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Showing 1-3 of 3 reviews(1 star). See all 23 reviews
on August 9, 2009
This is a fascinating book, though written by a biased and unqualified author. Unfortunately, previous reviewer Allan Tong is way off the mark and unfortunately has no understanding of Chinese historiography. The book in question is certainly entertaining but to claim it contributes to our historical evaluation of Mao is a complete farce. If anything, Chang has done significant damage to the understanding of this complex figure, portraying him equally as one dimensional as any of his hagiographers. Those propping up this book as revealing do not realize it is more fiction than fact, and clearly know nothing about Chinese history. There are countless academic reviews of this book which have not only countered many of its most sensational claims but also questioned the authors' objectivity and dubious research. For instance, see academic reviews by Andrew Nathan (Columbia), Jonathan Spence (Yale), Perry Link (Princeton), or Steve Tsang (Oxford) among others. For an in-depth analysis, see The China Journal (55) where several scholars collaborated to provide a comprehensive look at the work. Even more recently, consult two new books: "The Battle for China's Past" (2008) by Mobo Gao or "Was Mao Really a Monster: The Academic Response to Chang and Halliday" (2009) edited by Gregor Benton.

As author Jonathan Fenby described in an article for the Guardian, "The central thrust of the book is that Mao was a sadistic monster, worse than Hitler or Stalin, and responsible for 70 million deaths. His Marxism was a shallow mask for selfishness. His reputation as a military leader and champion of the peasants was a sham, argue the book's authors. Portraying Mao as a creature of Stalin, the authors say that, far from moving China forward, he did nothing good, ruthlessly eliminating rivals, starving millions, provoking wars and treating his wives abominably." However, as described by Steve Tsang, "the methods used by the authors 'make for bad history and worse biography'." Another reviewer, Andrew Nathan wrote "that many of Chang and Halliday's claims are based on distorted, misleading or far-fetched use of evidence."

Ultimately, no historian will make use of the book, and professors will never consider using this material to teach students. This attempt at "Mao bashing" provides little to the body of work looking at one of the most important figures in the 20th century. Mao: The Unknown Story makes for an entertaining read, but this piece of "pseudo-history" is best ignored. If you are seriously interested in Mao or Chinese history, avoid this book like the plague. For a more balanced narrative, I would recommend Mao Zedong by Jonathan Spence as a good introduction to the topic.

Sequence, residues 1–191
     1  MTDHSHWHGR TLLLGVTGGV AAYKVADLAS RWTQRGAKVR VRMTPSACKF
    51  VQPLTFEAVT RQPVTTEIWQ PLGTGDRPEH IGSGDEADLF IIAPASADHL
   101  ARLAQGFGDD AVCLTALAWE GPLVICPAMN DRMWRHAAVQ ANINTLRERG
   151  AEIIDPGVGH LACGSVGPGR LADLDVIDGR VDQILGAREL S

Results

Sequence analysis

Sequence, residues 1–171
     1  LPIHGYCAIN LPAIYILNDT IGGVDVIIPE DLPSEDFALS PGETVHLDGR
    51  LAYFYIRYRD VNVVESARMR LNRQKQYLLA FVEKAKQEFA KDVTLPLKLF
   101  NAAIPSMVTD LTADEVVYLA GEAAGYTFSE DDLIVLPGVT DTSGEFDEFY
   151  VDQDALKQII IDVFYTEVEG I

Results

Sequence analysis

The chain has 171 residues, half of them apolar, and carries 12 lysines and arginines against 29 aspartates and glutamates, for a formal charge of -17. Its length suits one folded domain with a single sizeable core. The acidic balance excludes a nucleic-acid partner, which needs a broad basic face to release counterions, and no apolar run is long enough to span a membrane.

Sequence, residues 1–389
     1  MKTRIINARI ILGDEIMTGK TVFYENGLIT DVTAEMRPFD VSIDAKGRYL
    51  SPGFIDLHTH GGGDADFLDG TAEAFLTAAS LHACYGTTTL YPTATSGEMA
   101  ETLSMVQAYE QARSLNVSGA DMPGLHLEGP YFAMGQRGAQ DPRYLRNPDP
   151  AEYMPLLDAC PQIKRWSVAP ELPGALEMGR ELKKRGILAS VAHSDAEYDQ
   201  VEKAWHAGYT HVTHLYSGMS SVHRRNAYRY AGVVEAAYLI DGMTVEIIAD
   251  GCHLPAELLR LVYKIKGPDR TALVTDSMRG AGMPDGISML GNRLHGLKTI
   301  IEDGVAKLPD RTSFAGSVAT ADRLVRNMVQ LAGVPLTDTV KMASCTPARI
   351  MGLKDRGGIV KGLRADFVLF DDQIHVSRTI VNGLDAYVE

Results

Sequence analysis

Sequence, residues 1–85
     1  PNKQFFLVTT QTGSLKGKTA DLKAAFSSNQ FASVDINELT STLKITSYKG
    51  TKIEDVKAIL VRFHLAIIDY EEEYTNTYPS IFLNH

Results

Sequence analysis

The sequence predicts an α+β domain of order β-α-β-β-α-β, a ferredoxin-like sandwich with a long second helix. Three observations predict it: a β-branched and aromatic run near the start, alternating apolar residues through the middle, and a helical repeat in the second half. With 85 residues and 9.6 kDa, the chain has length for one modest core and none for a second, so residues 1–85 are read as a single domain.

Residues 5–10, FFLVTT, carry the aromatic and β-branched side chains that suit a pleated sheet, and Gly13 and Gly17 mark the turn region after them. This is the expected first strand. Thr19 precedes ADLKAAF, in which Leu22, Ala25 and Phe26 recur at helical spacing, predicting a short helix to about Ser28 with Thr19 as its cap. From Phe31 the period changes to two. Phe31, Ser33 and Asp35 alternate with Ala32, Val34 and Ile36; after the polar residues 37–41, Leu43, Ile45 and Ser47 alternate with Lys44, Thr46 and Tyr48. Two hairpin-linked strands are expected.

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on November 25, 2005
I also born and grew up in China as the first author did. I think the stories told in this book are just stories. Some of them maybe true but most of them are just believed by herself. I learned that she hate Mao. A people who hate another people can write a book to say good words to the people who hate ?
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on December 2, 2005
I've spent a whole hour browsing this book in the bookstore with an intent to buy, but quickly found it nothing more than a collection of short stories. For me it's not an academic work and therefore must be treated as a fiction, so I also take the liberty to make my comments as in a fiction/movie review.

First, the objectivity of the book is questionable. The authors have sucessfully attracted public attention by fabricating some sophisticated stories and myths about Mao's life and work, but the methodology, style and the motive behind differ from serious academic works. Mao is dead and unable to defend himself. The basic truth is, Mao led China's century-long exodus out of imperialist invasion and established lasting peace in the country. Although his experimental economic policies had led to several disasterous results and even personally affected my parents' families, Mao's legacy includes not only a solid foundation of a modern industry, but also a nationwide public education and health care system that the Chinese people have enjoyed for the first time in the history. These suffice to make Mao a special figure for those who really cares about China and the welfare of the Chinese people. Unfortunately, the authors show little interest in these basic facts, but those assorted "unknown stories".

Actually, I'll go to China on vacation next week and I'll share more with you about how those people who live in that land think about him now.
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